Students show respect to each other, their instructor, and even to their school upon joining each class session. Sometimes it’s a simple bow, in other styles it’s a salute of some kind. The gesture encompasses several messages: gratitude, for the learning the student receives, and respect, an acknowledgement of the other person’s abilities.
Regardless of the ritual, almost all martial arts teach students to value age, rank, expertise, and experience. Respecting those who know more than you do (greater expertise), and have proven it (higher rank) shows that you are worthy of them teaching you their knowledge. This respect for instructors and senior students can often carry over to classes in regular schools as well.
The martial arts are very calming–a trait that may seem contradictory to those who just see the martial arts as violence. Most senior martial artists are the coolest, calmest characters around.
Martial arts classes, because of their intense workouts, allow students to release nervous energy until they are drained from the exertion. Working up a good sweat has always been a great way to diffuse anger. Adding punches and kicks, especially against a heavy bag or foam shield, is even better.
Some martial arts use a ritual shout, known as a kihap in Korean styles, made at the moment of attack. While the shout is meant to improve one’s focus and breathing when delivering a technique, or to startle and frighten an opponent, it also serves to release the student’s tension and nervous energy.
Many martial arts include meditation as part of the curriculum. Meditation, or training the mind to achieve a calmer, empty state, allows martial artists to relax fully.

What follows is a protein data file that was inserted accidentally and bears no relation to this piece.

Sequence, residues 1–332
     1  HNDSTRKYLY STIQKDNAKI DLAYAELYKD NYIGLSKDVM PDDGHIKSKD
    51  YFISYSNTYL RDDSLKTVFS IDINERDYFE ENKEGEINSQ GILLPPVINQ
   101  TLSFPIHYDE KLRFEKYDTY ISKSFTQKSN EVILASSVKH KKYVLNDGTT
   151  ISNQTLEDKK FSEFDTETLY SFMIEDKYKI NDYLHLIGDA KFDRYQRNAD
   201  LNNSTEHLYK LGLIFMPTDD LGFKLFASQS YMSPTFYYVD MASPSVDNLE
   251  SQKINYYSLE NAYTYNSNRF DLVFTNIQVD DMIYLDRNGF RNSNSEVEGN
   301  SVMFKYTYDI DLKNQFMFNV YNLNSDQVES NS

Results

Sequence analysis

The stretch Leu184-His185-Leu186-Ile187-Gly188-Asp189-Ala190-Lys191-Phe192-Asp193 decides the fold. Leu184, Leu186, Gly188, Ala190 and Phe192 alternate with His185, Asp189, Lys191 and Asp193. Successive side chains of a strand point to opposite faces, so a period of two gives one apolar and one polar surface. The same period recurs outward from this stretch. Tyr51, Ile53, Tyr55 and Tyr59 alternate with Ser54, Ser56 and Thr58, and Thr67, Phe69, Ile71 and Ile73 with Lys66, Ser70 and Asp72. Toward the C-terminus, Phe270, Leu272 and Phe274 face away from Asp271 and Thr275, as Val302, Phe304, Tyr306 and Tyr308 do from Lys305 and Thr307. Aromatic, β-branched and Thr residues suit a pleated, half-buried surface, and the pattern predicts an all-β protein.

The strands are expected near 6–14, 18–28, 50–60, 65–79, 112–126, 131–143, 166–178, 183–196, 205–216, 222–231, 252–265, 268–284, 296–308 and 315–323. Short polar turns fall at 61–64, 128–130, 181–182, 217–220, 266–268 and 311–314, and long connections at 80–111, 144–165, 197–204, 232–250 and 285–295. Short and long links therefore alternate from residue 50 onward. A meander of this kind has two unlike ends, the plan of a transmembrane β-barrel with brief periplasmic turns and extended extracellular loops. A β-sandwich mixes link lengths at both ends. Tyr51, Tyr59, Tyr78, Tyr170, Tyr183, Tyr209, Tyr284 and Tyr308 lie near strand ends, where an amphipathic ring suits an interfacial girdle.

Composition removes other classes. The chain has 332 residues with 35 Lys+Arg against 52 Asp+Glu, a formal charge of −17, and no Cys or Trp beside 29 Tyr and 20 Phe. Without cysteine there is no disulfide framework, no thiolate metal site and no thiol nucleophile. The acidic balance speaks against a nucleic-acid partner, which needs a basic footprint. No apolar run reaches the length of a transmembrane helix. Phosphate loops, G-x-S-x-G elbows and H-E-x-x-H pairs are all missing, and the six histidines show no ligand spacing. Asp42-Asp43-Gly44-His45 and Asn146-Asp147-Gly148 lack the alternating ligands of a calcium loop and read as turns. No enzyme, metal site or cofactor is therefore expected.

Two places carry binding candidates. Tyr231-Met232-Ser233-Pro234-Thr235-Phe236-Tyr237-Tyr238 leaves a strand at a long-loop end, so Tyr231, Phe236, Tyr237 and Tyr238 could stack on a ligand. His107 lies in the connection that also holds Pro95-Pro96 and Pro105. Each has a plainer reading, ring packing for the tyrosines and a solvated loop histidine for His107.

Experienced martial artists exhibit calmness outside of the training hall as well. This inner peace is due to several factors, but is probably a result of experiencing stressful situations when learning self-defense or sparring–and overcoming them. The confidence gained through mastery of martial arts techniques also lends itself to keeping calm in stressful situations.
While the reasons for studying martial arts apply to all kids, there’s special reasons why girls should learn martial arts. Girls often don’t have the same avenues as boys for developing self-confidence or exhibiting mastery. Boys are channeled into sports at young ages, finding spots on Little League baseball teams or pee wee football squads. Without similar sports opportunities, girls are left with just academic, social, and family settings to build assertiveness and self-esteem.
Martial arts techniques are often easier for young girls to learn than young boys, a girl’s natural flexibility is an advantage over boys the same age. In some arts, upper-body strength, usually a male advantage, is not as important as lower-body strength, usually a female advantage. As a result, girls can enjoy a unique pride in their abilities–they can think, “if I can do as well as a boy in TaeKwonDo, I can do as well as a boy in maths class.”
COURTESY-to promote the spirit of mutual concessions, to be polite to one another, to encourage the sense of justice, to distinguish Instructor from student.
INTEGRITY-ability to define right from wrong, and have the conscience, if wrong, to feel guilt.
PERSEVERANCE-a serious student must learn not to be impatient: to continue steadfastly, to persevere.
SELF-CONTROL-this tenet is extremely important inside and outside of the Do Jang whether conducting ones’ self in free-sparring or in ones personal affairs. A loss of ones’ self control can prove disastrous to both student and opponent.
INDOMITABLE SPIRIT-a serious student will at all times be modest and honest. If confronted with injustice, he will deal with the belligerence without any fear or hesitation at all, with indomitable spirit, regardless of whosoever and however many the number may be.
I shall observe the tenets of Taekwondo.
I shall respect the instructors and all seniors.
I shall never misuse Taekwondo.
I shall be a champion of freedom and justice.
I shall build a more peaceful world.